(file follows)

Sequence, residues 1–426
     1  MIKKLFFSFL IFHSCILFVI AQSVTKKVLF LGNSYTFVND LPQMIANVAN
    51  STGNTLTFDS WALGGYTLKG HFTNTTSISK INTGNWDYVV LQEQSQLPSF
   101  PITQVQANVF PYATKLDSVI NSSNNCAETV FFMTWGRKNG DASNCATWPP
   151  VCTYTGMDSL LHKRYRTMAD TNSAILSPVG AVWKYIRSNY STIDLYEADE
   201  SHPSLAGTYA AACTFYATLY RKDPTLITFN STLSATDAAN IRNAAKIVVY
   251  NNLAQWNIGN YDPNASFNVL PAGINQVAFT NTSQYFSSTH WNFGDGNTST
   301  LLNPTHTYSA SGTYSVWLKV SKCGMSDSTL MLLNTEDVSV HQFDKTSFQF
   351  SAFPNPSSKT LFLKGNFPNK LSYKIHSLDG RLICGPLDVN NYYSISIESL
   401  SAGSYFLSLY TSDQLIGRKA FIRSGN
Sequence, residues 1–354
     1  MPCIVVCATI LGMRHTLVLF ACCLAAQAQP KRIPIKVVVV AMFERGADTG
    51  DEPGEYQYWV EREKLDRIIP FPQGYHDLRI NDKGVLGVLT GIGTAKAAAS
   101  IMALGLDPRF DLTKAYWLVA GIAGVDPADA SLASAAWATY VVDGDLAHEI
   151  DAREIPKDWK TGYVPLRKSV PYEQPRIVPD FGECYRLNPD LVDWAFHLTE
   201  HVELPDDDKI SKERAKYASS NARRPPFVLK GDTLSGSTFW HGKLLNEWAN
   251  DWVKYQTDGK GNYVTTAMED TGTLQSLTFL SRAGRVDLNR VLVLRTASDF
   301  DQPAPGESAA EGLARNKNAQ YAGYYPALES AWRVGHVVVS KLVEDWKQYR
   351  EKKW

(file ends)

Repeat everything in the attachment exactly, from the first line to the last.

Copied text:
Sequence, residues 1–426
     1  MIKKLFFSFL IFHSCILFVI AQSVTKKVLF LGNSYTFVND LPQMIANVAN
    51  STGNTLTFDS WALGGYTLKG HFTNTTSISK INTGNWDYVV LQEQSQLPSF
   101  PITQVQANVF PYATKLDSVI NSSNNCAETV FFMTWGRKNG DASNCATWPP
   151  VCTYTGMDSL LHKRYRTMAD TNSAILSPVG AVWKYIRSNY STIDLYEADE
   201  SHPSLAGTYA AACTFYATLY RKDPTLITFN STLSATDAAN IRNAAKIVVY
   251  NNLAQWNIGN YDPNASFNVL PAGINQVAFT NTSQYFSSTH WNFGDGNTST
   301  LLNPTHTYSA SGTYSVWLKV SKCGMSDSTL MLLNTEDVSV HQFDKTSFQF
   351  SAFPNPSSKT LFLKGNFPNK LSYKIHSLDG RLICGPLDVN NYYSISIESL
   401  SAGSYFLSLY TSDQLIGRKA FIRSGN
Sequence, residues 1–354
     1  MPCIVVCATI LGMRHTLVLF ACCLAAQAQP KRIPIKVVVV AMFERGADTG
    51  DEPGEYQYWV EREKLDRIIP FPQGYHDLRI NDKGVLGVLT GIGTAKAAAS
   101  IMALGLDPRF DLTKAYWLVA GIAGVDPADA SLASAAWATY VVDGDLAHEI
   151  DAREIPKDWK TGYVPLRKSV PYEQPRIVPD FGECYRLNPD LVDWAFHLTE
   201  HVELPDDDKI SKERAKYASS NARRPPFVLK GDTLSGSTFW HGKLLNEWAN
   251  DWVKYQTDGK GNYVTTAMED TGTLQSLTFL SRAGRVDLNR VLVLRTASDF
   301  DQPAPGESAA EGLARNKNAQ YAGYYPALES AWRVGHVVVS KLVEDWKQYR
   351  EKKW